Around 11 million people in the UK have some sort of hearing loss and most of us will notice that our hearing gets worse as we get older.
There are different levels of hearing loss ranging from mild to profound. If you have a mild hearing loss then you might find it difficult to follow conversations, especially in a noisy environment. If you have a profound hearing loss then you wouldn’t hear a jet engine if you were standing right next to it! Most cases of hearing loss cannot be cured but may be treated with hearing aids or a cochlear implant.
There are two types of hearing loss, conductive and sensorineural. It is possible to experience both types of loss at the same time – this is a mixed hearing loss.
Conductive hearing loss
A conductive hearing loss is general loss of volume, where all sounds seems faint or muffled. It is where the ears’ ability to conduct sound from the outer ear through the middle ear into the inner ear is blocked or reduced, often impacting the lower frequencies more significantly.
Conductive hearing loss is caused by problems within the ear canal, ear drum, or the middle ear including the middle ear bones. There is no main significant cause of conductive hearing loss. Where a child is born with a conductive hearing loss the cause is usually genetic or linked to their development in the womb which can include malformation of any part from the outer to middle ear. Causes after birth are wide ranging, they include temporary loss from fluid in the middle ear from a cold, ear infection (middle ear and ear canal), Eustachian tube malfunction, impacted ear wax, perforated ear drum and Otosclerosis.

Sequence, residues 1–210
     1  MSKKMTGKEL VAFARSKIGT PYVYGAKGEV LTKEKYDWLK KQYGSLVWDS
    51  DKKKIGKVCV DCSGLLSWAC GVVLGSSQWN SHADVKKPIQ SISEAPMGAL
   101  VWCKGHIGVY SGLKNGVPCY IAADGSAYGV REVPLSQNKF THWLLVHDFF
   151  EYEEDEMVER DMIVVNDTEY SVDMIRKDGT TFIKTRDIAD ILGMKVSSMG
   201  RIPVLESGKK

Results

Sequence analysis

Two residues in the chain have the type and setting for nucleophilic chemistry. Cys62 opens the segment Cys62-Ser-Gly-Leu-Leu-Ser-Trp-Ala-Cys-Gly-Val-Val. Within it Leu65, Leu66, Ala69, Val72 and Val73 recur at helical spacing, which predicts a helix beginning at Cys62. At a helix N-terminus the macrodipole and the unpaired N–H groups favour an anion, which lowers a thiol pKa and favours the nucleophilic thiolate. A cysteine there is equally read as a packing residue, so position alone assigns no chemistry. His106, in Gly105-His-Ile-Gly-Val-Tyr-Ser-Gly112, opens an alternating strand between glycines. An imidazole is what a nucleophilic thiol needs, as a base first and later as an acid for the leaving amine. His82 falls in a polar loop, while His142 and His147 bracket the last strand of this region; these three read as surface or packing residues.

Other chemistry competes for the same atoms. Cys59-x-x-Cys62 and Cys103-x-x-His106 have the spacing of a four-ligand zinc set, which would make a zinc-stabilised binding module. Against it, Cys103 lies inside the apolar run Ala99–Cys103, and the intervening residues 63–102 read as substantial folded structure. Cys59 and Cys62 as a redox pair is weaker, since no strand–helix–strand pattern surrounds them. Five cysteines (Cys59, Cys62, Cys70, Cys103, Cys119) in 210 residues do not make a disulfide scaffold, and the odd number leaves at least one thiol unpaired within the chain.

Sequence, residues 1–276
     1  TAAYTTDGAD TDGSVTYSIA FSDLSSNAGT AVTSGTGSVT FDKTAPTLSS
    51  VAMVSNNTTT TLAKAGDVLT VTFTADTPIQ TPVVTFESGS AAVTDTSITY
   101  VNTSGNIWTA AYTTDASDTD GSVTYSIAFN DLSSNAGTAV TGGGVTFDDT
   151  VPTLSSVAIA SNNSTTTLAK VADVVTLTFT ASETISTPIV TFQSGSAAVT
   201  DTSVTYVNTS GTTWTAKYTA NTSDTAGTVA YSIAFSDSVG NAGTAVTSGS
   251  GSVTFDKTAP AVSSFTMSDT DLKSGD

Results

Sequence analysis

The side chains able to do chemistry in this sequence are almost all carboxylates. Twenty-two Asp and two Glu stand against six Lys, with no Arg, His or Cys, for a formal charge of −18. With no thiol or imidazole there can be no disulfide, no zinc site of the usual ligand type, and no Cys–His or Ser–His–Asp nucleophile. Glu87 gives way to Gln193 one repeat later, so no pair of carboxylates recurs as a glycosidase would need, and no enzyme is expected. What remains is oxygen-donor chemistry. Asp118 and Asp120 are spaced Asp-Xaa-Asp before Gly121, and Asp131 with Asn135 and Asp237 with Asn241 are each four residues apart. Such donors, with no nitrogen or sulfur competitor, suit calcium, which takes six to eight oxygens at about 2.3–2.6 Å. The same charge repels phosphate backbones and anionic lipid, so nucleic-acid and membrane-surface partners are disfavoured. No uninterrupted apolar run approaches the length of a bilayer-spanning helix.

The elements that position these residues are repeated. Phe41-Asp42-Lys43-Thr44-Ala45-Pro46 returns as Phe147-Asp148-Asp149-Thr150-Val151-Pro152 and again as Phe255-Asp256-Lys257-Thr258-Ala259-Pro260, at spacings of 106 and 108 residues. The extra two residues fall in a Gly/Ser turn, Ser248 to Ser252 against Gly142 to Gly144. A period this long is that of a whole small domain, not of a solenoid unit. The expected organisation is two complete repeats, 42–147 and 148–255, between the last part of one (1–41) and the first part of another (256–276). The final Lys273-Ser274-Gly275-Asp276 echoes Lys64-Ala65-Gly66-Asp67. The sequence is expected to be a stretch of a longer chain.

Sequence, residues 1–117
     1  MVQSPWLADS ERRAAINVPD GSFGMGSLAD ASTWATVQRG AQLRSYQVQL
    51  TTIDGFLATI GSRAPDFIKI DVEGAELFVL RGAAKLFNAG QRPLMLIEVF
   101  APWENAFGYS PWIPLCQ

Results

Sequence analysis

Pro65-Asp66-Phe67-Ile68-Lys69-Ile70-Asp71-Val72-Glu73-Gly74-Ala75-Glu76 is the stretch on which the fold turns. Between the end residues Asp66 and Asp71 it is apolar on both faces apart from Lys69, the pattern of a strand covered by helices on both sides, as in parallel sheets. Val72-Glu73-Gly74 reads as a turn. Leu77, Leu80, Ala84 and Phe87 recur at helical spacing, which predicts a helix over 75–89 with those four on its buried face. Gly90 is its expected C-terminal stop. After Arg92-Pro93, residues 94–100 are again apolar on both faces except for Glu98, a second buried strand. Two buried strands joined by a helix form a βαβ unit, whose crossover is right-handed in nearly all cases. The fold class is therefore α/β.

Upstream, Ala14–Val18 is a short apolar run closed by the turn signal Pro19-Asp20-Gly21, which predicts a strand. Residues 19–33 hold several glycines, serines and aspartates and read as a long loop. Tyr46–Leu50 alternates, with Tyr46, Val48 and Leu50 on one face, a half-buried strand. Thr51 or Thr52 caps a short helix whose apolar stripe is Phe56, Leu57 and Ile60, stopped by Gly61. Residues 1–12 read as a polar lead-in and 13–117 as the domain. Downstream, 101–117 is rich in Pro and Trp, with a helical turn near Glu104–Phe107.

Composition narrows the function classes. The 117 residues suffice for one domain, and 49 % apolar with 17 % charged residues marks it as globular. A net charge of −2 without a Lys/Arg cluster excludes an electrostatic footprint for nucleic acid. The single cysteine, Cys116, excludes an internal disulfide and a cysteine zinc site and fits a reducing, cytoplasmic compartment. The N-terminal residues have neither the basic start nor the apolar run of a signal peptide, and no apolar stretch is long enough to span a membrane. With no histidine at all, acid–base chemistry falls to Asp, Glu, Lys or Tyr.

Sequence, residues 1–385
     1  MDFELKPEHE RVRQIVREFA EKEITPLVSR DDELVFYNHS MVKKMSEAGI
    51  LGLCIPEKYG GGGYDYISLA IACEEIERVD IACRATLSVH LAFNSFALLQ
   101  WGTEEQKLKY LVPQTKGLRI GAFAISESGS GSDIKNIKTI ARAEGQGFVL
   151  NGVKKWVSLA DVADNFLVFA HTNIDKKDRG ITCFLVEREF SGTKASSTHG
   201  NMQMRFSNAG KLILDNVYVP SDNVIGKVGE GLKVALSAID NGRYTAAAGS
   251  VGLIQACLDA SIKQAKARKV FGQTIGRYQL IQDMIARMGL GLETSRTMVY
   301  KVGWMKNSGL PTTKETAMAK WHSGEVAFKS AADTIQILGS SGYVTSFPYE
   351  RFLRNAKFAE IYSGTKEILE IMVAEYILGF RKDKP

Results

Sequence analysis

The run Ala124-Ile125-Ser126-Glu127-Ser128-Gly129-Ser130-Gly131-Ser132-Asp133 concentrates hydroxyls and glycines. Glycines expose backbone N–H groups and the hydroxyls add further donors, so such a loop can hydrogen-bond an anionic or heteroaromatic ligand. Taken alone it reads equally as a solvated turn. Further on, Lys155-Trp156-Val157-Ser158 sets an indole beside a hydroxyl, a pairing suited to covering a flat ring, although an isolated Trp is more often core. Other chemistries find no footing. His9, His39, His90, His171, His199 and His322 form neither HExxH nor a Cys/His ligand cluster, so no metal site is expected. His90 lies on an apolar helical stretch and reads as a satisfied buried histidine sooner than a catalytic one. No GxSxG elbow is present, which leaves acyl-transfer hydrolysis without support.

Sensorineural hearing loss
A sensorineural hearing loss is a loss of specific sound frequencies. This can be limited frequencies or apply to all frequencies. Sensorineural hearing loss is a term to cover two different situations where the loss is caused within the cochlear (inner ear) or is caused by the hearing nerve, the most likely cause is damage or malformation of the cochlear.
Sensorineural hearing loss is most commonly caused by damage to the hair cells within the cochlear in the inner ear. These cells can be abnormal at birth or damaged during your lifetime. Where a child is born with a sensorineural hearing loss the cause is usually genetic or linked to their development in the womb. Causes after birth are wide ranging, they include trauma, presbycusis (age-related loss), overexposure to noise, exposure to sudden extremely loud noises, ototoxic medications, infectious diseases such as meningitis and some genetic conditions.
Testing for hearing loss
To test an adult for any hearing loss an audiologist, may complete a series of tests during an appointment which can also identify the type and potential causes of a hearing loss. Some of the common tests include;
- Pure tone audiometry. This is the test many people will recognise as a hearing test. You sit in a soundproof room and listen to a series of different sounds usually types of a beep, through headphone and press a button each time you hear a sound. The audiologist via a computer sends the sounds to the headphones and records the response to produce an audiogram a visual picture of your hearing loss showing frequencies and decibel of sound loss. A similar beep test may also be completed using a sound next to the skull behind the ear, this identifies if there is a difference between two types of conduction, air what we can hear normally and bone what we can hear if sounds are transmitted directly through the bones.
- Speech perception. This test is similar to the pure tone, but speech is listened to rather beeps or other tones. The test is important as a hearing loss may appear significant but your ability to determine speech sounds is good, this information is used in determining any treatment options.
- This test places a small device is placed in your ear to check for fluid behind your eardrum, it measures a response to changing pressure in the ear. The test can help identify if fluid is causing a conductive hearing loss.
Hearing loss registration
Unlike sight loss, local Councils in England do not have to hold a register of people living in their area who have a hearing loss (although some do choose to do so). In Wales, Councils do need to hold a register of people with hearing loss.